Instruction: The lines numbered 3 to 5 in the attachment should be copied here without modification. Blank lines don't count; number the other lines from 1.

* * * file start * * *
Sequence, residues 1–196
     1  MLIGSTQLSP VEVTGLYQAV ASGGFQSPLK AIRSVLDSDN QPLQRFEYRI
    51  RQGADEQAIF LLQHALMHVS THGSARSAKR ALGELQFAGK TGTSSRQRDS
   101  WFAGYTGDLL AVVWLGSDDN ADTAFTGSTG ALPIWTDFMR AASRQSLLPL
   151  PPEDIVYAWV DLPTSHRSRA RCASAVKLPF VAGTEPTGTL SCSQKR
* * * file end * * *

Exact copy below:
    51  RQGADEQAIF LLQHALMHVS THGSARSAKR ALGELQFAGK TGTSSRQRDS
   101  WFAGYTGDLL AVVWLGSDDN ADTAFTGSTG ALPIWTDFMR AASRQSLLPL
   151  PPEDIVYAWV DLPTSHRSRA RCASAVKLPF VAGTEPTGTL SCSQKR